Brendan Miniter checks in with Republican Maryland Governor Robert Ehrlich in a column for OpinionJournal: “Ehrlich to rise.” The governor contends with a solidly Democratic legislature that is enchanted with such clever public policy ideas (look for the union label) as punishing Wal-Mart for allegedly insufficient health care spending on its employees. Miniter notes the familiar all yin role of the Baltimore Sun in the yin/yang struggle between the governor and the legislature:
A fair or at least a populist press might have cautioned legislators to cool it long ago. But the state’s largest newspaper, the Baltimore Sun, has been engaged in a protracted fight with the governor. Its opening shot came during the 2002 campaign, when Mr. Ehrlich tapped Michael Steele, who is black, as his running mate. The Sun editorialized that Mr. Steele “brings little to the team but the color of his skin.” That remark and a list of errors (including some 80 instances of misspelling the governor’s name) spurred Gov. Ehrlich to instruct his administration not to talk to two Sun reporters. The paper sued, claiming its free speech rights were being violated, but was forced to drop its suit after losing in every court that heard the case.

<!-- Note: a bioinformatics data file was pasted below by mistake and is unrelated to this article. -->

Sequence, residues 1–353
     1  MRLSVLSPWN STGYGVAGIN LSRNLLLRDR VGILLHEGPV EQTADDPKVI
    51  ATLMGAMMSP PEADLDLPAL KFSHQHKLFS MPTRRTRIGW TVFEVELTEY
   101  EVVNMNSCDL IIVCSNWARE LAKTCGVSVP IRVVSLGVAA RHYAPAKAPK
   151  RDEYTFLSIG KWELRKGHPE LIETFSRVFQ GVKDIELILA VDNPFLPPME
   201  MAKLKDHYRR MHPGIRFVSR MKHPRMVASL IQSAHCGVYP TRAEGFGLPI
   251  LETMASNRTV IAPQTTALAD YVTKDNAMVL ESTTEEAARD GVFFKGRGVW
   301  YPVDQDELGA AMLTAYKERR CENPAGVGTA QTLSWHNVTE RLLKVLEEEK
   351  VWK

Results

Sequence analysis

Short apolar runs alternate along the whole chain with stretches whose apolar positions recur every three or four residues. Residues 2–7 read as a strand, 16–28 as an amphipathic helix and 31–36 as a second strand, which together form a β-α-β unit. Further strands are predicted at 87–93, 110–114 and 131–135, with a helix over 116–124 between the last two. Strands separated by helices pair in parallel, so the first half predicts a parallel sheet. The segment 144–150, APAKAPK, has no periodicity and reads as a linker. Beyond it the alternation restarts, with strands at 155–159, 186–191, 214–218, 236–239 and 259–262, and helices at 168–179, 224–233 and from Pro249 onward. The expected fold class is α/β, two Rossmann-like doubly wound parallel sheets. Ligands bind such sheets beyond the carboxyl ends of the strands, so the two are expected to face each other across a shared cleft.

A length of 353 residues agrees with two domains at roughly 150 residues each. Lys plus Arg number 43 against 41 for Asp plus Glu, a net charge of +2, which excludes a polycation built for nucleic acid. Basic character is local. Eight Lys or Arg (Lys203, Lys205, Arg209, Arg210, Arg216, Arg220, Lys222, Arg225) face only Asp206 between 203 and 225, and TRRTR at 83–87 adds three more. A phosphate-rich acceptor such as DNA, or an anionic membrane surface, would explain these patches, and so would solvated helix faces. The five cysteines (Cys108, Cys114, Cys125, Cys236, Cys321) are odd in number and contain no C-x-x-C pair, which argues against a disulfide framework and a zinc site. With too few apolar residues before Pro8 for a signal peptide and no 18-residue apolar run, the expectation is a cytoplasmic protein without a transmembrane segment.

Last year the governor set up a Halloween display on the front lawn of the executive mansion and he was blasted for that too. Sun columnist Laura Vozzella scoffed at the large inflatable jack-o-lantern and other ornaments, calling them “a little, well, Arbutus”–a dig at the governor’s blue-collar hometown. Mr. Ehrlich has also been grilled by the media on why he supports defining marriage as between a man and a woman and why he put “Merry Christmas” on his Christmas cards.
It’s a safe bet that no one at the Sun appreciates how politically helpful have been Mr. Ehrlich’s defense of marriage and Christmas, his working-class background and his choice of a popular African-American as lieutenant governor–though clearly Mr. Ehrlich understands how helpful it has been to use the Legislature and the media as a foil. He has a framed picture of that inflatable jack-o-lantern on the wall inside the governor’s mansion. In it he’s standing next to two Democrats who understand how to win elections, Virginia’s former governor Mark Warner and Washington’s Mayor Anthony Williams. All three of them are giving the “Arbutus” jack-o-lantern the thumbs up.